Ambulance bosses have praised the work of staff after a good report.
The North East Ambulance Service NHS Foundation Trust (NEAS) has been rated ‘Good’ following a Care Quality Commission (CQC) inspection last October.
The CQC rated NEAS as Good in all its categories – safe, effective, caring, responsive and well-led.
During the inspection, the CQC team looked specifically at management and leadership of NEAS, in addition to inspecting core services of the NHS111 service and the emergency operations centre (EOC).
The CQC rated these core services as Good, which means NEAS maintains its track record of being highly rated by the healthcare regulator. The ambulance service was rated Good at its last CQC inspection in April 2016.
NEAS chief executive Yvonne Ormston, MBE, said: “I am delighted that our service has been rated as Good overall.
“This is fabulous news and testament to the care and professionalism that all of our staff dedicate to our patients and service.
“Our workforce is committed to providing the best possible patient care, often in incredibly difficult circumstances, and I am pleased on their behalf that this has been recognised.
“More than 2.7 million people across the north east rely on our services and the CQC has recognised the pivotal role we are playing in the development of urgent and emergency care services in our community.”
Inspectors’ comprehensive assessment of NEAS found:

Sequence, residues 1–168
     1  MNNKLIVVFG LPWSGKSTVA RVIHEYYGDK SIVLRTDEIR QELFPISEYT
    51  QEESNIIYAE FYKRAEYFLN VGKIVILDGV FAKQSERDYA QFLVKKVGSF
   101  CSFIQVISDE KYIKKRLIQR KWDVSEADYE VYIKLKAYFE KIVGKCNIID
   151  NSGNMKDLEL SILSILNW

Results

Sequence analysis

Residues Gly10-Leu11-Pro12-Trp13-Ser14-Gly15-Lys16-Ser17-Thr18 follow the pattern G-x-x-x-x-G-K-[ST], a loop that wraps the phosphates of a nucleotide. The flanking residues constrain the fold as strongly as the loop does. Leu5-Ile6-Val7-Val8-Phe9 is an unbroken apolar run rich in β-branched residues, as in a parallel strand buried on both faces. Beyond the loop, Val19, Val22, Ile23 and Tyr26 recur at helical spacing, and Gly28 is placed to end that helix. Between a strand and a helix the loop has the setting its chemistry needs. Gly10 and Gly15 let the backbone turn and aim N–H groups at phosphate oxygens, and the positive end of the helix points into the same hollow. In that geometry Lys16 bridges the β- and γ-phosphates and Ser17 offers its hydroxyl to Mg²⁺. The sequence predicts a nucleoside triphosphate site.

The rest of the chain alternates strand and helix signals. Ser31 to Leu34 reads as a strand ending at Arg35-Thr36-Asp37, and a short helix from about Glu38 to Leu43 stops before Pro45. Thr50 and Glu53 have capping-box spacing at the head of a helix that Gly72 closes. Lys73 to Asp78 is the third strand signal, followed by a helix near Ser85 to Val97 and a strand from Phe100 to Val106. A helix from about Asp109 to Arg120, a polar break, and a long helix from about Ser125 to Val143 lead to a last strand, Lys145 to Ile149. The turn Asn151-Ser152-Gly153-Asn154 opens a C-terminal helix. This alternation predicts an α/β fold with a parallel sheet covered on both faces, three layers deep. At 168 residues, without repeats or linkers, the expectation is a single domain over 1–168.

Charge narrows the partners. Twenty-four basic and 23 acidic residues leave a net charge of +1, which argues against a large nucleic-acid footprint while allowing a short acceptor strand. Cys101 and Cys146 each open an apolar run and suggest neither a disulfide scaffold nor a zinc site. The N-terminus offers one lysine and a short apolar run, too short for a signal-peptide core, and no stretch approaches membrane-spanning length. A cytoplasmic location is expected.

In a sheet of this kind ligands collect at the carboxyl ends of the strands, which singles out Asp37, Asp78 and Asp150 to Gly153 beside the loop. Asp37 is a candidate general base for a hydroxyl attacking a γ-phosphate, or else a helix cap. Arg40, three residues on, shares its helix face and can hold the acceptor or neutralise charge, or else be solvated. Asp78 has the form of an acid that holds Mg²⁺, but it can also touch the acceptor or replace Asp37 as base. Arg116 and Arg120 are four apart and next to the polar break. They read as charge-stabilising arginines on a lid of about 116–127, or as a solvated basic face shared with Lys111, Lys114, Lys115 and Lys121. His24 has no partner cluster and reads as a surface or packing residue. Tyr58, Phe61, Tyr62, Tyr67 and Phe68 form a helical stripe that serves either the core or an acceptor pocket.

• Staff were caring and provided compassionate care. Accurate, timely and clear information was provided to patients and callers about their condition and followed the clinical pathways.
• Staff understood patients’ personal, cultural, social and religious needs. They displayed an understanding and non-judgemental attitude to all patients.
• Managers across the trust promoted a positive culture that supported and valued staff, creating a sense of common purpose based on shared values.
• Staff understood how to protect patients from abuse and the trust worked well with other agencies to do so.
• NEAS used a demand forecasting tool to identify which resources would be required on which shifts to meet demand.
• Managers monitored the effectiveness of care and treatment and used the findings to improve them. They compared local results with those of other services to learn from them.
• NEAS had performed above average against other NHS ambulance trusts in five of the seven measures on the new Ambulance Response Programme.
The CQC report also highlighted that NEAS won the Enhancing Patient Dignity category for its end of life services in the Nursing Times Awards 2017. The end of life service provided responsive and timely patient transport across the north east for patients with palliative/end of life care needs, enabling them to be cared for and die in the place of their choice.
Professor Ted Baker, CQC, chief inspector of hospitals, said: “Since its last inspection, the North East Ambulance Service NHS Foundation Trust has worked hard to maintain its rating. I do congratulate it on its overall Good rating.
“When inspectors monitored calls in the emergency operations centres, they found that all the staff involved were calm, professional and considerate of patients’ needs.
“I applaud the steps the trust has taken to deal with instances of high demand.”